Agent Matt: Falcon Force

Chapter 1: Amazon Dreams

The Amazon jungle. Twelve years ago.

It had taken them five days to make the journey, cutting their way through the dense, suffocating undergrowth, fighting through the very air, which hung heavy, moist and stilt. Trees as tall as cathedrals surrounded them, and a strange, green light - almost holy -shimmered through the vast canopy of leaves. The rainforest seemed to have an intelligence of its own. Its voice was the sudden screech of a parrot, the flicker of a monkey swinging through the branches overhead. It knew they were there. But so far they had been lucky. They had been attacked, of course, by leeches and mosquitoes and stinging ants. But the snakes and scorpions had left them alone. The rivers they had crossed had been free of piranhas. They had been allowed to go on. They were travelling light. They earned with them only their basic rations: map, compass, water bottles, iodine tablets, mosquito nets and machetes. Their single heaviest item was the 9422 Winchester rifle with Sniper scope that they were going to use to kill the man who lived here in this impenetrable place, one hundred miles south of Iquitos in Peru. The couple knew each other's names but never used them. It was part of their training.

The older of the two called herself Wind blade. She was Japanese, although she spoke seven languages so fluently that she could pass herself off as a native of many of the countries she found himself in. She was in her mid twenties, beautiful, with the close-cut hair and watchful eyes of a trained frontline nurse. The man was slim, fair-haired and twitching with nervous energy. He had chosen the name of Red Shadow. He was just nineteen years old. This was his first kill. Both were dressed in khaki - standard jungle camouflage. Their faces were also painted green, with dark brown stripes across their cheeks. They had reached their destination just as the sun had begun to rise, and were standing there now, utterly still, ignoring the insects that buzzed around their faces, tasting their sweat. In front of them was a clearing, man-made, separated from the jungle by a ten metre high fence. An elegant colonial house with wooden verandas and shutters, white curtains and slowly rotating fans stood at the heart of it, with two more low brick buildings about twenty metres behind. Accommodation for the guards. There must have been about a dozen of them patrolling the perimeter and watching from rusting metal towers. Perhaps there were more inside. But they were lazy. They were shuffling around, not concentrating on what they were supposed to be doing. They were in the middle of the jungle. They thought they were safe. How very wrong they were.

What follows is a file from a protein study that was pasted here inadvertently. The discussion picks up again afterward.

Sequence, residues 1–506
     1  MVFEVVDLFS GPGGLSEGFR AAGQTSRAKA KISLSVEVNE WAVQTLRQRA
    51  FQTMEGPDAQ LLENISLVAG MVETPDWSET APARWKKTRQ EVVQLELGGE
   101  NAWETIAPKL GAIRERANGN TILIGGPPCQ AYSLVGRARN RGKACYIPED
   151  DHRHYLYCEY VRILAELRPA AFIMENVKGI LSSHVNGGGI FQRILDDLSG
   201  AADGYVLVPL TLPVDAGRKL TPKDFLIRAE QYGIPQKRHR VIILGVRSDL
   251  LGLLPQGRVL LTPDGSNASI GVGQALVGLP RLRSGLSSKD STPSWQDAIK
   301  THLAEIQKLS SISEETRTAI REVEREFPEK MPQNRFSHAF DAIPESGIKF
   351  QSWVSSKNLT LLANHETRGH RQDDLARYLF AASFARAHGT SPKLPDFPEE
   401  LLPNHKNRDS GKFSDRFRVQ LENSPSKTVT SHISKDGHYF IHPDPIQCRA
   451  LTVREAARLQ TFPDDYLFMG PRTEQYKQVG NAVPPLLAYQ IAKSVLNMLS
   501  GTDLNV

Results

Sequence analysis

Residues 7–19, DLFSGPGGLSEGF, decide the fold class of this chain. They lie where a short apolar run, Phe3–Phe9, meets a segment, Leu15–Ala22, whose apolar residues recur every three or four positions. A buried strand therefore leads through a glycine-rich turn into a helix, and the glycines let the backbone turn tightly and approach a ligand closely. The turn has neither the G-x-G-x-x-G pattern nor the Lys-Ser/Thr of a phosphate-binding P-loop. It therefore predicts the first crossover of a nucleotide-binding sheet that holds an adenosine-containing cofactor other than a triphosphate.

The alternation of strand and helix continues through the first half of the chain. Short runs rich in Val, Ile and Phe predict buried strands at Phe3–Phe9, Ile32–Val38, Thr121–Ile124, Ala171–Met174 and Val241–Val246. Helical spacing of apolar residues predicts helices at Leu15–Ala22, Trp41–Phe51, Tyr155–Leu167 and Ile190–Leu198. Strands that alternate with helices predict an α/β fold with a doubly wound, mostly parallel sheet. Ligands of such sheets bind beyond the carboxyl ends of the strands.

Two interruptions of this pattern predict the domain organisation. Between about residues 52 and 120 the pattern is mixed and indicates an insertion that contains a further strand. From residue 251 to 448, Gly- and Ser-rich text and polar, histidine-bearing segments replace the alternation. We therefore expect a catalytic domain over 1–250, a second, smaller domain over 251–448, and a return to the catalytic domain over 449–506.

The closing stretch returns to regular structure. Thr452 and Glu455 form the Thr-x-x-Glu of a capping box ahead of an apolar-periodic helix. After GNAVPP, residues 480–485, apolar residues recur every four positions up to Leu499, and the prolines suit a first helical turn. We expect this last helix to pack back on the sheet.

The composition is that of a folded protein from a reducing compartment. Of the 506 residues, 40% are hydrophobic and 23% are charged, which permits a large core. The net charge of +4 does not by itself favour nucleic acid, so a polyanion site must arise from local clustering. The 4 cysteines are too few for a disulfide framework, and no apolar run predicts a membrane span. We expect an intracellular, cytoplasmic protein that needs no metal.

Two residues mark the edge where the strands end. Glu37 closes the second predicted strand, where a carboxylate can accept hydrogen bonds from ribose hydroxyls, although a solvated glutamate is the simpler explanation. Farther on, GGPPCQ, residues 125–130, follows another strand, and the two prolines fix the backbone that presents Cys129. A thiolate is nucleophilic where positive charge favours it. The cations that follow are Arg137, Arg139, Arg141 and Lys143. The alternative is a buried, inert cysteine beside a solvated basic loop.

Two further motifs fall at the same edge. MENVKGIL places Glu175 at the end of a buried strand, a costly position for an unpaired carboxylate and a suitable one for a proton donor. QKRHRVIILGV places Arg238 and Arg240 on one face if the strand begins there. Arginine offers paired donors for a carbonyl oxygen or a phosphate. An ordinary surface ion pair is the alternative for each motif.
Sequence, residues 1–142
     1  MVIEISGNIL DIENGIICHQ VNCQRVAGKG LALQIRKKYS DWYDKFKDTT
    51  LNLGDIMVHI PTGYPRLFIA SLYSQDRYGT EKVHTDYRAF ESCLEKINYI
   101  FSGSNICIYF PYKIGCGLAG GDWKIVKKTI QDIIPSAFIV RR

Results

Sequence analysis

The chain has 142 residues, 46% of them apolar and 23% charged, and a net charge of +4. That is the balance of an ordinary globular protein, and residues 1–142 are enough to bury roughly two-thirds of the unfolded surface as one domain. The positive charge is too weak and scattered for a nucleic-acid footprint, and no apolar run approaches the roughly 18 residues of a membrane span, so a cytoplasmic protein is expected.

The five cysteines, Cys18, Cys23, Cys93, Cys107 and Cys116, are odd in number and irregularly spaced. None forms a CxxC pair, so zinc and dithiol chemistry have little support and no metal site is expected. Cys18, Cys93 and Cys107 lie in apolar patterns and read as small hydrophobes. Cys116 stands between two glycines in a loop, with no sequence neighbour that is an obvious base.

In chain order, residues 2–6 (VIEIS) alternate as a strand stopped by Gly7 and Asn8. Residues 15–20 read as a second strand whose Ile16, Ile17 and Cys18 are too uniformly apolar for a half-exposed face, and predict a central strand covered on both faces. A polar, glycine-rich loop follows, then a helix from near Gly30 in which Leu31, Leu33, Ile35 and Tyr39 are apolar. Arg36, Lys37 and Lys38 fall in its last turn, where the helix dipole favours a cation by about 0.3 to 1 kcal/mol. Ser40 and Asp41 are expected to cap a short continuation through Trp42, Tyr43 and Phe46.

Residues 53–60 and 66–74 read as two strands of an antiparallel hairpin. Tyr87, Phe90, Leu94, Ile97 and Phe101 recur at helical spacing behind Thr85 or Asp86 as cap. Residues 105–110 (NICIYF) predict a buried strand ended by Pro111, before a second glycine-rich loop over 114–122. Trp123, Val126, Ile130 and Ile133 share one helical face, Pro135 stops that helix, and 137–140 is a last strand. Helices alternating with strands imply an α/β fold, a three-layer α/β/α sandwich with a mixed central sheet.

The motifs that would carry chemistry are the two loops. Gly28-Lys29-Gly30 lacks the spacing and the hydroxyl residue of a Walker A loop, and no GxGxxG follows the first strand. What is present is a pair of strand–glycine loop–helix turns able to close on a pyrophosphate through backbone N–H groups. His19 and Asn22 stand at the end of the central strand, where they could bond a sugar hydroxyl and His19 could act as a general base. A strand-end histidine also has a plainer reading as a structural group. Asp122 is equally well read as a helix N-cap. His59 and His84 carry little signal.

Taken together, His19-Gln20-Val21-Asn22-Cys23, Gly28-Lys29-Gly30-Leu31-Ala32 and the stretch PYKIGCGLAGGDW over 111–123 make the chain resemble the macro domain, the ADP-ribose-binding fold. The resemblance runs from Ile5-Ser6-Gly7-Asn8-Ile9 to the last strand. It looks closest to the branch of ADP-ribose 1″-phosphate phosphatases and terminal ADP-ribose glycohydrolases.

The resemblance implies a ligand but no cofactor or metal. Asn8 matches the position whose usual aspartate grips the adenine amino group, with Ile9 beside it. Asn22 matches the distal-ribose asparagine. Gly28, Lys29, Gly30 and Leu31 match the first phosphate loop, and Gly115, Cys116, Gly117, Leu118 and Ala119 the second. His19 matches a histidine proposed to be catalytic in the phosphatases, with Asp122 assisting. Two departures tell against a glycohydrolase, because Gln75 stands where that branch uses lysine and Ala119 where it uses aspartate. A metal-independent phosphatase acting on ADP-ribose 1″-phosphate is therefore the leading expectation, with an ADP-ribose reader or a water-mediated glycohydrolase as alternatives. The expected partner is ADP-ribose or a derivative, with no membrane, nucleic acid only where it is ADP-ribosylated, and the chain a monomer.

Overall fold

A four-seater helicopter stood waiting on a square of asphalt. It would take the owner of the house just twenty steps to walk from the front door to the helicopter. That was the only time he would be visible. That was when he would have to die. The two knew the name of the man they had come to kill, but they didn't use that either. Red Shadow had spoken it once but Wind blade had corrected him.